The China mint made 750 individually numbered sets from Shenzhen Guobao with letters of authenticity showing 1st of 750 issued which were used for the NGC label. http://www.govmint.com/2017-china-gold-panda-ngc-ms70-first-day-of-issue-prestige-5-pc-set.html
However, not all of those 750 sets were graded as MS70 by NGC.
Of the 5 denominations the 30g is the rarest...
Only 548 G500Y pieces were graded as NGC MS70: https://www.ngccoin.com/census/world/china-panda-series/sc-367/g500y/varieties/413224/
Only 575 G200Y pieces were graded NGC MS70:https://www.ngccoin.com/census/world/china-panda-series/sc-367/g200y/varieties/413220/
There were more than 750 pieces of G100Y, G50Y, and G10Y graded by NGC so there must have been an additional metric or certificate used for those coins.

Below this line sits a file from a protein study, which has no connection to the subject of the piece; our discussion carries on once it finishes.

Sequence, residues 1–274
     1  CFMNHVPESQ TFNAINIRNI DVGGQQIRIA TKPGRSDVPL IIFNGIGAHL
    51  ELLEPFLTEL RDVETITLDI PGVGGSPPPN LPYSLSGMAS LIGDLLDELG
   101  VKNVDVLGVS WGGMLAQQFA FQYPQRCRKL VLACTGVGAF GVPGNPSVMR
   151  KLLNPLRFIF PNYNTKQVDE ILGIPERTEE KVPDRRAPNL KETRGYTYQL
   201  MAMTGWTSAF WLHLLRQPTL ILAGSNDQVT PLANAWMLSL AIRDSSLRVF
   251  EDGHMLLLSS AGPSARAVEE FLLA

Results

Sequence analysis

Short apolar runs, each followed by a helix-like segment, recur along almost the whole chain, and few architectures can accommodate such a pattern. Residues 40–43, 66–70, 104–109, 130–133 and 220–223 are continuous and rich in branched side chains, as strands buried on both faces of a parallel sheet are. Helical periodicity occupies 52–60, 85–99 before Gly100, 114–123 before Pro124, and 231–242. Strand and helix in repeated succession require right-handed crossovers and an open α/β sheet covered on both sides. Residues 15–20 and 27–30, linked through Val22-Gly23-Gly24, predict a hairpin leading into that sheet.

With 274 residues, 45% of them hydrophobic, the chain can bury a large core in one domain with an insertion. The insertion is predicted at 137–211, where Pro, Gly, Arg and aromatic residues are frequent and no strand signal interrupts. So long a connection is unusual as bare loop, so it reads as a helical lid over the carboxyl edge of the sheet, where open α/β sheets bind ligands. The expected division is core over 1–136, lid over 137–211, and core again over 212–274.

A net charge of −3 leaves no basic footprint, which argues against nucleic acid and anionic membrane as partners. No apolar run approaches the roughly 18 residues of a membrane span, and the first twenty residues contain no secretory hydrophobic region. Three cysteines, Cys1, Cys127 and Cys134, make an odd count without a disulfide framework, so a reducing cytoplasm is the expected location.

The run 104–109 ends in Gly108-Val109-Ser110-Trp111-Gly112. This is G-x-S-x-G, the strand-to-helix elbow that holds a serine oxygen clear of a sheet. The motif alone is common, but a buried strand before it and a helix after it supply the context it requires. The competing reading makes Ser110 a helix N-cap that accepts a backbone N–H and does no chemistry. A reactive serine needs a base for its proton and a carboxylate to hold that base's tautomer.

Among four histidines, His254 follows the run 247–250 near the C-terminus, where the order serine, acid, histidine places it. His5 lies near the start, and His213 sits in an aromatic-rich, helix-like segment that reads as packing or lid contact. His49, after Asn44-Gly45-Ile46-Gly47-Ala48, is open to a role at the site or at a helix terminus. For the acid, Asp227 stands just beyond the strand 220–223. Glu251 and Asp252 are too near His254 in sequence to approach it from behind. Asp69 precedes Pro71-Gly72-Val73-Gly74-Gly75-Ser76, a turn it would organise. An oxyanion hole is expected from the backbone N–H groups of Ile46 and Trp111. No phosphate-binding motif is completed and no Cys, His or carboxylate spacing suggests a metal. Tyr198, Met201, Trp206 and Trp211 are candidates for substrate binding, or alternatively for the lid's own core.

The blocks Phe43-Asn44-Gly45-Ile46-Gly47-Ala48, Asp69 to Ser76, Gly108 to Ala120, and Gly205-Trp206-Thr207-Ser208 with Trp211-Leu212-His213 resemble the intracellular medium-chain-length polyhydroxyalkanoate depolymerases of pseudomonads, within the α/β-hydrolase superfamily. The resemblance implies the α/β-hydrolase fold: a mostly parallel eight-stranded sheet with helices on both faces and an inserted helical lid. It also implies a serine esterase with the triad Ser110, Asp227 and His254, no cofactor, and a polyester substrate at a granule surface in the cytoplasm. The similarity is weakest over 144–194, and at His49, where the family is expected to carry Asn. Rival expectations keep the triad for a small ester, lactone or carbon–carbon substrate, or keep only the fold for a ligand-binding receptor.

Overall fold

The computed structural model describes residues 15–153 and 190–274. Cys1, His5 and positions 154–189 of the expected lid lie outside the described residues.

The first coins struck at a mint typically have the best details and fewest imperfections.
Though Chinese modern coins have improved their quality control since 1982 it is still interesting to think about having the first struck specimens documented and appraised.
This is initially why designations such as "First Strike' changed to "First Release" or "Early Release," or "First Day of Issue.:
Without the paperwork you can't prove if a coin was actually struck first, only that it was obtained and graded within a certain window, whether it be a day or a month.
With China Gold Corp. certifying a batch of coins as being the first off the coin press, these pieces are given a special designation and are actual "First Strikes."